Sleep Research Roundup: August 18


What's new in sleep research?



In this Research Roundup, we explore new studies on sleep disorders, with a special focus on treatment outcomes, the impact of cannabis on sleep, and sleep disturbances in children.

CBT-I, Exercise, and Pharmacotherapy for Insomnia

Researchers analyzed 13 randomized controlled studies (N=1350 participants) of patients aged 8 years or older with chronic insomnia via 18 pairwise comparisons of the use of cognitive behavioral therapy for insomnia, exercise interventions (ie, tai chi and aerobic and muscle-strengthening exercise), and the pharmacotherapeutic agent temazepam. The Athens insomnia scale, insomnia severity index, insomnia symptom questionnaire, Pittsburgh sleep quality index, and sleep diaries were used as to assess outcomes.

In comparison with controls, exercise and CBT-I were found effective in the long-term (approximately 10 months) analysis, but temazepam failed to produce sustained benefits. However, all interventions showed sleep improvement around the 8.5 weeks point.

“Our results demonstrated that both exercise and CBT-I showed superior long-term effectiveness on improving sleep compared to the control, while pharmacotherapy (temazepam) showed excellent treatment effectiveness,” the authors concluded. “More importantly, using a network meta-analytical approach, this is the first study demonstrated that exercise had comparable treatment effectiveness to that of CBT-I (SMD, 0.16; 95% CI, −0.07 to 0.40). Our findings support current physical activity guidelines recommending regular exercise in adults to improve sleep.”


Yu DJ, Recchia F, Bernal JDK, et al. Effectiveness of Exercise, Cognitive Behavioral Therapy, and Pharmacotherapy on Improving Sleep in Adults with Chronic Insomnia: A Systematic Review and Network Meta-Analysis of Randomized Controlled Trials. Healthcare (Basel). 2023;11(15):2207.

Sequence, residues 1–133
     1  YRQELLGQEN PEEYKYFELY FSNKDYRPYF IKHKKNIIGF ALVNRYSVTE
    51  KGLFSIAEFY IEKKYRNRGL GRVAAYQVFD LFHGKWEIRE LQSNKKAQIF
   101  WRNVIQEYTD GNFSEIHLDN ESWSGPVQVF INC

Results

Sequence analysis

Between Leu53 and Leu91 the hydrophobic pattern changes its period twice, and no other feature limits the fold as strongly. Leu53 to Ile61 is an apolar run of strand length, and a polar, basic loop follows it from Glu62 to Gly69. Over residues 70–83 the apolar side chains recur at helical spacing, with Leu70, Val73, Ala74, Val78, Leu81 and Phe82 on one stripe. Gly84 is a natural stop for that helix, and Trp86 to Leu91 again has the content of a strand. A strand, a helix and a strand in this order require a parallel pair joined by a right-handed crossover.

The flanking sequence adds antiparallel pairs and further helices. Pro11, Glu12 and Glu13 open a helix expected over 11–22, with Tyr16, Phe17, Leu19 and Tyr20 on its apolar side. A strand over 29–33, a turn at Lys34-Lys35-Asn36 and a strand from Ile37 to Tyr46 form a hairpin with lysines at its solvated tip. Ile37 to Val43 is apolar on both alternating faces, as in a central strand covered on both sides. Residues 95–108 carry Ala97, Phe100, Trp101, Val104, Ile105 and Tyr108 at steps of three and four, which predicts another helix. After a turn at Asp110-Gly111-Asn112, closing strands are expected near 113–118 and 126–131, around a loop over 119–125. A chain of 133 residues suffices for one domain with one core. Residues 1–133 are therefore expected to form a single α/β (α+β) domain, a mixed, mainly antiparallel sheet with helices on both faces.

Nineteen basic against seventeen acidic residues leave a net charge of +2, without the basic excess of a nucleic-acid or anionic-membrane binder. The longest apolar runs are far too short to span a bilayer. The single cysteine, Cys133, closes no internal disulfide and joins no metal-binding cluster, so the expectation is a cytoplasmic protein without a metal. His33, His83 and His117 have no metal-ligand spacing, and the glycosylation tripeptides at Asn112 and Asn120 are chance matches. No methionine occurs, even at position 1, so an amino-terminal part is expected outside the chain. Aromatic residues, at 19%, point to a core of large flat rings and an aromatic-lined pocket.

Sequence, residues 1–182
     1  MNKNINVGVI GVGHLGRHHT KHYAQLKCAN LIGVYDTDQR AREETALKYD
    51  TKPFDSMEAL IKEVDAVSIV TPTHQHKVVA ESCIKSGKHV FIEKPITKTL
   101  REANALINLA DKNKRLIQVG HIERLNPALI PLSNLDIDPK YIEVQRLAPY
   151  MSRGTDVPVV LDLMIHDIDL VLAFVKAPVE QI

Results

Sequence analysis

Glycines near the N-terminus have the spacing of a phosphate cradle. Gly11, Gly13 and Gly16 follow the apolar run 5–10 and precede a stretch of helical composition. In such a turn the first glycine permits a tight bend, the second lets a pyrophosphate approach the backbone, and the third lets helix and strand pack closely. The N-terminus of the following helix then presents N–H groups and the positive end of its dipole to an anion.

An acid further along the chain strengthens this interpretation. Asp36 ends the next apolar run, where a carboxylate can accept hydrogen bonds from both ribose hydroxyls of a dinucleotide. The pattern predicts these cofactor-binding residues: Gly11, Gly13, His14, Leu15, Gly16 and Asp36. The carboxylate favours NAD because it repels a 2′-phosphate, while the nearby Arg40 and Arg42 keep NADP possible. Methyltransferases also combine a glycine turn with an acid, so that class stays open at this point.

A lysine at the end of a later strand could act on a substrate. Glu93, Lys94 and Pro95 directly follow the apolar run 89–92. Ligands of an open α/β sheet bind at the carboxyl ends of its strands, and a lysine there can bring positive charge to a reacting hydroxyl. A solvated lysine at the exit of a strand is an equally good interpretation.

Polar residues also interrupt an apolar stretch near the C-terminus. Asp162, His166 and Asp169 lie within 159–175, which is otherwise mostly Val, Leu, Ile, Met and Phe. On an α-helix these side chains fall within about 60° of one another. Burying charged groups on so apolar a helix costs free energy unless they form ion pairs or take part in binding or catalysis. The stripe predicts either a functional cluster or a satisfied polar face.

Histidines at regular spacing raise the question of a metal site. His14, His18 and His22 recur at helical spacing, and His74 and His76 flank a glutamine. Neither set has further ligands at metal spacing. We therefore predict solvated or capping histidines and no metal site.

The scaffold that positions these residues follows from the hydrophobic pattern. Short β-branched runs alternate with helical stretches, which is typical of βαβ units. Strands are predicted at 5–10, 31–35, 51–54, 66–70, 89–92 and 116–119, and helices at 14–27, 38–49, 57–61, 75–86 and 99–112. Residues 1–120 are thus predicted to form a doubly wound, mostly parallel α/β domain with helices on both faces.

Exploring Cannabis Use Impact on Sleep Across Race and Ethnicity

Leveraging data from the National Comorbidity Survey-Replication, researchers looked at the impact of cannabis use on sleep disturbances among English-speaking US residents aged 18 years or older (N=3929). They examined rates of cannabis use and sleep disturbances among minoritized racial and ethnic groups.

The researchers “found that cannabis use was associated with ‘multiple sleep disturbances and daytime sleepiness’ after adjustment for sociodemographic characteristics and health behaviors (but not after adjustment for clinical characteristics), overall and did not vary by race and ethnicity or sex/gender.” They added, “Associations between cannabis use and sleep may vary by age.”


Gaston SA, Alhasan DM, Jones RD Jr, et al. Cannabis use and sleep disturbances among White, Black, and Latino adults in the United States: A cross-sectional study of National Comorbidity Survey-Replication (2001-2003) data [published online ahead of print, 2023 Aug 11]. Sleep Health. 2023;S2352-7218(23)00125-0.

Parent-Reported Childhood Sleep Disturbances and Risk of Future Psychiatric Illness

To investigate the link between sleep disturbances and increased risk of future psychiatric illness, researchers conducted a retrospective study of children (N=348) aged 5 years 11 months and younger. The researchers looked at polysomnogram results as well as caregiver reported sleep disturbances to ascertain links with future risk as well as evaluation agreement.

The data indicated that caregiver and clinician findings based on polysomnogram had slight to fair agreement on sleep disturbances.

“Parental reports of subjective sleep concerns are indicative of different sleep pathologies compared to sleep pathologies detected on PSG,” they concluded. “The addition of PSG to caregiver reported data appears to have limited clinical utility in understanding sleep concerns associated with the risk of subsequent psychiatric illness in young children.”


Pease E, Shekunov J, Savitz ST, et al. Association between early childhood sleep difficulties and subsequent psychiatric illness [published online ahead of print, 2023 Aug 4]. J Clin Sleep Med. 2023;10.5664/jcsm.10756.

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